In this issue

Features

Systemic resources
Interview with Peter Stratton, Professor of Family Therapy

The reflecting team
Four-stage questioning in family therapy supervision

Backwards and forwards
Refugee families need a dual focus in therapy

First person
How therapy helped one family to communicate better

Reconnecting families
Use of genograms and networking to improve outcomes

Constellations
Physical representations provide information about the system

Seeing and listening
Are all of us metaphorically veiled in some way?

Hot and bothered
Challenges for menopausal therapists

Integration revisited
Ivan Ellingham on the idea of an organismic metatheory

Touch me never?
Is avoidance of touch the best way to work?

Racial identity and training
Students need to explore black-white dynamics

Cover of Therapy Today, November 2006

Editorial

Some of therapy’s harshest critics (Fay Weldon for one!) have cautioned against the dangers of nurturing personal transformation without reference to a person’s close relationships and social networks. At our recent BACP training conference – ‘It’s the relationship that matters’ – Ernesto Spinelli called for therapists to start taking account of the impact of therapy on the client’s existing relationships. Only by moving away from focusing on an individual’s needs in a vacuum and considering how therapy affects the client’s external world, he suggested, would counselling and psychotherapy survive in the future.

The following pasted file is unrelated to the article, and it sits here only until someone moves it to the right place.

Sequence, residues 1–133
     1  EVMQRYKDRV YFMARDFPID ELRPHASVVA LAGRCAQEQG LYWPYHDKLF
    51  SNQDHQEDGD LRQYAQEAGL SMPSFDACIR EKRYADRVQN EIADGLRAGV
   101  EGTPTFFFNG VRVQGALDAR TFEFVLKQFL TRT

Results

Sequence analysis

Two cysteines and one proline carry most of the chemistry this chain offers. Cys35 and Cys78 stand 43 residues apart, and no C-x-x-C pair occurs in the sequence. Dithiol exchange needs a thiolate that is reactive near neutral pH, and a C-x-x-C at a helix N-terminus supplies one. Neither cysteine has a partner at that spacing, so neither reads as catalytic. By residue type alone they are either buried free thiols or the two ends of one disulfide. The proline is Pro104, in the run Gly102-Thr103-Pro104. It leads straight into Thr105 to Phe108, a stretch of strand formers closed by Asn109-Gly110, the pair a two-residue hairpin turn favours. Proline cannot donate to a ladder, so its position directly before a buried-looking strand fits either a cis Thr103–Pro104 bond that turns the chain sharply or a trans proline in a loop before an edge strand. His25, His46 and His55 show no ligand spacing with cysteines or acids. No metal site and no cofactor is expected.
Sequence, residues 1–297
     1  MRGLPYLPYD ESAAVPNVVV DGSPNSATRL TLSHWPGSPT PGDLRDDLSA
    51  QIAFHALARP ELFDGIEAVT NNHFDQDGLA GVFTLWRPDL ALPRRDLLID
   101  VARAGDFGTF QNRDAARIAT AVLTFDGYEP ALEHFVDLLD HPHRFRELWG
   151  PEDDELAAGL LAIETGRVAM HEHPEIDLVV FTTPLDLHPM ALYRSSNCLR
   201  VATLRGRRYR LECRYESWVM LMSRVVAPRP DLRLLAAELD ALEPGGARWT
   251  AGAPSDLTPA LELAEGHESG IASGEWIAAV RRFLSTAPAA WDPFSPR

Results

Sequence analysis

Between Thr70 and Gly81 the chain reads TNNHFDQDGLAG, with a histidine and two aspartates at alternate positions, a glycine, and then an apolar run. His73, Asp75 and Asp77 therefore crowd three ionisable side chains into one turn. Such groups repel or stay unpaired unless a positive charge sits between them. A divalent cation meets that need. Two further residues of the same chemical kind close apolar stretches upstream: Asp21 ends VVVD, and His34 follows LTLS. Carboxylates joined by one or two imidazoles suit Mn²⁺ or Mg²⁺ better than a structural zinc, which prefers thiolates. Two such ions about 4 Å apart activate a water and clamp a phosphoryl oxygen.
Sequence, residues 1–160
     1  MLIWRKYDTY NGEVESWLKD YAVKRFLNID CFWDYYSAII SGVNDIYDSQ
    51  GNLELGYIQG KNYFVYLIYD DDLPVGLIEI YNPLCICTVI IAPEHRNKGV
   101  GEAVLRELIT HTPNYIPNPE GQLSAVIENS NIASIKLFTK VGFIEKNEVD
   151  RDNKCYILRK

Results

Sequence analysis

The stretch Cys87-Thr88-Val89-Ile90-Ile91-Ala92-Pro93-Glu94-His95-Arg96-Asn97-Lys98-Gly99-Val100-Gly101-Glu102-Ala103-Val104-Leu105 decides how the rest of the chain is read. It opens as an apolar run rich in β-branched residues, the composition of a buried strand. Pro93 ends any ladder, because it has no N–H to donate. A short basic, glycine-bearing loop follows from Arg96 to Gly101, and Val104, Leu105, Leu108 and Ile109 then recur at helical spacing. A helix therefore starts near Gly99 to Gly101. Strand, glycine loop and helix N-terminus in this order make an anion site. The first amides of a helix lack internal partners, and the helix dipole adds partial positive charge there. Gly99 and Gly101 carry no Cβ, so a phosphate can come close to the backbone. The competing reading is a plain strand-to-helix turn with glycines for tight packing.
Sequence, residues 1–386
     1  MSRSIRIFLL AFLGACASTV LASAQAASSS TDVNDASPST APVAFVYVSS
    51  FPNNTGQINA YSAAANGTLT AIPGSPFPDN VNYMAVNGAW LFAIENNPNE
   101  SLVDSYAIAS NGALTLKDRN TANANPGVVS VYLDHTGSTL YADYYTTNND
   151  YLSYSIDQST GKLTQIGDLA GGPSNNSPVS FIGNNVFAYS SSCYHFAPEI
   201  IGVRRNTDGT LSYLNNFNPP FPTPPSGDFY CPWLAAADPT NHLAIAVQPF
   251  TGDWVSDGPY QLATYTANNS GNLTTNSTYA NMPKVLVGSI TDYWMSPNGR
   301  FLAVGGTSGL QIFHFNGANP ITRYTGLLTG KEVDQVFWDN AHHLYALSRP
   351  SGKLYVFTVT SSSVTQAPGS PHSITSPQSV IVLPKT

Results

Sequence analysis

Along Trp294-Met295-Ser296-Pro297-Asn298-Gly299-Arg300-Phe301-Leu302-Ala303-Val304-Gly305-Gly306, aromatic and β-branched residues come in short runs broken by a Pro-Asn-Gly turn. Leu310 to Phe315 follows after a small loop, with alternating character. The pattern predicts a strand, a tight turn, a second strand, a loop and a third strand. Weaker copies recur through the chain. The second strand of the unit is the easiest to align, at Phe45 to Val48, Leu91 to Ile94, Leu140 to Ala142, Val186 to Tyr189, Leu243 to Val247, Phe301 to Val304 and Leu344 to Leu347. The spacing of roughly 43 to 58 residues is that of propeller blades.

Coincidentally we had been in the process of preparing a series of articles looking at family therapy which is of course all about working with complex relationships and multiple perspectives. ‘Where therapy fails to take account of anything but the client’s internal world,’ says Peter Stratton, ‘the process will be little more than fishing a drowning man out of a river, teaching him to ride a bicycle and then throwing him back in again.’ Peter Stratton thinks that practitioners who work with individuals have a lot to gain from learning about systemic thinking, such as how to mobilise the resources of the client’s family to support their change which can be much more powerful than the therapeutic relationship alone. And of course the interpretation of ‘family’ by today’s family therapists is much broader than the nuclear family that Blair and Cameron see as the answer to all our social ills.

Sarah Browne
Editor